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Nespresso Professional UK | Fit Tech promotion
Nespresso Professional UK | Fit Tech promotion
Nespresso Professional UK | Fit Tech promotion
features

Promotional Feature: Viability assessment & full feasibility

How do you assess whether your desired leisure scheme is viable, and where do you go from there? Alliance Leisure’s Sarah Watts explains why this early part of the process is key to future success.

Published in Health Club Management 2013 issue 11

How do you begin to assess the viability of a leisure scheme?
We meet the client at the stage they’re at – some may have started to develop a plan and want to know if their scheme could be viable, while others are starting with an under-used space – often something like a number of ageing sports courts – and want to explore potential opportunities to increase revenue.

What is the approach used by Alliance Leisure?
In these times of reduced subsidy, it’s really all about the money and the space. How much additional revenue can be generated from the square footage that needs to be transformed?

For example, in one scheme we completed there was great controversy among the local senior population, because the council wanted to do away with the indoor bowls rinks (used mostly for just five months of the year) and create a 10-pin bowling facility.

Obviously you do have to think what else you can provide for the older age group, but the reality was that the same amount of space went from generating £38k a year to £300k a year.

That large boost in revenue may in turn allow a leisure site to broaden its social offering to different groups, making it more inclusive – ultimately protecting the service.

What are the most ‘viable’ leisure options these days?
That’s not something you can really state or quantify – it depends on the individual site, and local demand and needs. A 10-pin bowling facility may be a huge success for one leisure site but not for another. That’s where thorough viability and feasibility studies will pay dividends.

For example, we’re currently talking to a client who wants to put a 50m pool in a new mixed leisure development. But all our research shows that an aquatics leisure pool would be by far the better choice to satisfy demand and give the best return on investment.

What are the key steps in the feasibility process?
To begin with, it’s very important to use an independent party. We commission this process out to leading leisure consultants such as FMG, Max Associates, Robin Thompson, and the Sports and Leisure Group. It’s important that the feasibility is totally impartial in order that all decision makers, as well as Alliance’s funders, can be confident in its robustness.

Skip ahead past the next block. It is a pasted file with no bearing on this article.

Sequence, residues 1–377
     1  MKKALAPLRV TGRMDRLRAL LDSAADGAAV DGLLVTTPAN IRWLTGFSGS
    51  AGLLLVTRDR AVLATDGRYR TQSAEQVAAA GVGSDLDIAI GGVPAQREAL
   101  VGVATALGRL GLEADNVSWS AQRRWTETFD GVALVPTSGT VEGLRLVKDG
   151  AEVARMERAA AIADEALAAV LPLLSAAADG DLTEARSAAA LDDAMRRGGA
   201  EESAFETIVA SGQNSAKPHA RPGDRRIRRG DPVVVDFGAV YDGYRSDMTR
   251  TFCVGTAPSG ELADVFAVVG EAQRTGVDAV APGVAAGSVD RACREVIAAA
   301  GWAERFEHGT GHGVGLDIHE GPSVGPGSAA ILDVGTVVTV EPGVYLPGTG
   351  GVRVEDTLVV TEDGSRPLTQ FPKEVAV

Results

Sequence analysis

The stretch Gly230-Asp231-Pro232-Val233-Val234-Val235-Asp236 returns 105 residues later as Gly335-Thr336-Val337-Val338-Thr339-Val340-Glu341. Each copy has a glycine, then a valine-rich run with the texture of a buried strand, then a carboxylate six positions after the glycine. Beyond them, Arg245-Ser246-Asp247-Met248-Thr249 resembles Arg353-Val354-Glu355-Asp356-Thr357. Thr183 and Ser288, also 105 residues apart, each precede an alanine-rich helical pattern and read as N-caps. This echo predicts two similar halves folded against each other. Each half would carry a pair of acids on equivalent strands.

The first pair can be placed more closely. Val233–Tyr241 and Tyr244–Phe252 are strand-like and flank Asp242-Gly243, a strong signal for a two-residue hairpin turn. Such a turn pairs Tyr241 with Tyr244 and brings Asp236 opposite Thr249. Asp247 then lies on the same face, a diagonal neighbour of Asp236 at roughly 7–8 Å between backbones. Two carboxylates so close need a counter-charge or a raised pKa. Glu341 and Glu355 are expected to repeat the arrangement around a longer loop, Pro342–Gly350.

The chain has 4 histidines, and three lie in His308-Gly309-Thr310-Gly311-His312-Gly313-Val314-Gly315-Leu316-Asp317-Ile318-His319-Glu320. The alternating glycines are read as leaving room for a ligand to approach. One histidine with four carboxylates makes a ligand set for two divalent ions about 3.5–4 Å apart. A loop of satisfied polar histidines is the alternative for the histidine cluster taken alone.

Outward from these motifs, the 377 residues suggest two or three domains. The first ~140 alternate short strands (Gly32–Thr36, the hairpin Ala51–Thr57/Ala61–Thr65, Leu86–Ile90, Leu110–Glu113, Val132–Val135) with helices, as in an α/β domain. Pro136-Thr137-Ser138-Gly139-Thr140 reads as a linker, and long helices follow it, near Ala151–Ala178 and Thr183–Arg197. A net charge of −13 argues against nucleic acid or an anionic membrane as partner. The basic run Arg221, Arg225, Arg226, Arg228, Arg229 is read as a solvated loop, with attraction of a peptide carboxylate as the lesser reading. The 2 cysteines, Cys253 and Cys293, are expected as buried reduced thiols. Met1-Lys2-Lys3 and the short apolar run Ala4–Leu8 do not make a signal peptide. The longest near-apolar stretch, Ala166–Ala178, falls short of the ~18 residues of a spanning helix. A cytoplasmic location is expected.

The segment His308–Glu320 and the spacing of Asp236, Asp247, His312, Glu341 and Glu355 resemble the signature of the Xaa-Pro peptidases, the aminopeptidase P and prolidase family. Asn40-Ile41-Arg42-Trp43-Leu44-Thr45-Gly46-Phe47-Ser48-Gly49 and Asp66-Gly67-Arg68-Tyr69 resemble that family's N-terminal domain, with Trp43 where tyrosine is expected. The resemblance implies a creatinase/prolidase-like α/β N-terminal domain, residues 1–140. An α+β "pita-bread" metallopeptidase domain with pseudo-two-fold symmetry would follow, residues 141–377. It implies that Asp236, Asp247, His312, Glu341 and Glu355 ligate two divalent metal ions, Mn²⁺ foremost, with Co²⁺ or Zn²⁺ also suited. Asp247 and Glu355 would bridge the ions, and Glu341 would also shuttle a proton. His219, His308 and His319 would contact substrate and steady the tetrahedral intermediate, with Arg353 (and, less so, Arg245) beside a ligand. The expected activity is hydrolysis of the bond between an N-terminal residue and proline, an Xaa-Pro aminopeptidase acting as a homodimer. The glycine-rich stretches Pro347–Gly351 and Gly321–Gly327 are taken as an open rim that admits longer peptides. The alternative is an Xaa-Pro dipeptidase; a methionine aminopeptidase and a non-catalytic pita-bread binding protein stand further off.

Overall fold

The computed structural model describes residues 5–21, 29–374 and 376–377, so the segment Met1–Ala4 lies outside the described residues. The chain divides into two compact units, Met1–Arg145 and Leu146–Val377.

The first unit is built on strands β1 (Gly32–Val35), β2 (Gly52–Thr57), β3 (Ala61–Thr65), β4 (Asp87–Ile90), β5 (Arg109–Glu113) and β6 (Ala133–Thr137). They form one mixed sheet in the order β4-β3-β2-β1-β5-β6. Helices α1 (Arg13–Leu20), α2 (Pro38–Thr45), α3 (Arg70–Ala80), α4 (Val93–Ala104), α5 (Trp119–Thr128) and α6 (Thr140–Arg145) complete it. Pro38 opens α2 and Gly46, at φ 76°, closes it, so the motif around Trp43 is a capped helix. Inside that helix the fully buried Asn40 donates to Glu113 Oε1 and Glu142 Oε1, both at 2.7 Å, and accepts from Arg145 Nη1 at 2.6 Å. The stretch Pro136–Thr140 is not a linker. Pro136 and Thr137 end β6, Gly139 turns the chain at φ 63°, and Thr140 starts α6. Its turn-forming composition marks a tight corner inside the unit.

It’s a complex analysis made up of different parts. It starts with going to the site and physically looking at the local area. If you’re planning to build a play centre, it’s no good just looking on paper, seeing there’s a big play centre just down the road and deciding there’s too much competition. That existing play centre may be scruffy, overpriced and not really serving its customers.

That’s why it’s so important to pay a mystery shopper visit. We believe, where there’s competition, there can often be opportunity.

How long does feasibility take and what are the challenges?
An average feasibility report takes around five weeks. On the cost savings side, some benefits are easy to show because we can relate back to existing data – so for example, the savings to be made in the areas of utilities, staff, cleaning services, etc – as these are evidence-based.

The future potential benefits are harder to quantify because there are so many variables, and it will depend on how that facility is run in future. We can’t predict, for example, if a budget gym might open down the road from a newly developed fitness facility. That’s why we generally develop a range of new complementary facilities which protect our clients, so they become less dependent on any one revenue stream.

However, as Alliance Leisure has now completed over 100 projects, we have the experience of many successful models to draw upon, providing a type of evidence base that may be referred to for future projects.

What else does Alliance offer at the viability/feasibility stage?
As well as commissioning external reports, such as latent demand reports, we also proactively commission independent market reports so we can better advise our clients at this stage.

For example, while the market for local authority spas is growing rapidly, there is very little data available on these developments. So we’ve just commissioned our own report from Leisure-net Solutions to look at the public sector spa market. This data will prove invaluable for our clients considering this type of development.

Do clients need to pay out a lot of money at this stage?
No, not really. The process can be funded by either party or a shared process – sometimes it’s shared 50:50, depending on the scheme and situation. The initial headline figures are provided by Alliance for free, which help shape the early thoughts and inform the decision to proceed to full feasibility.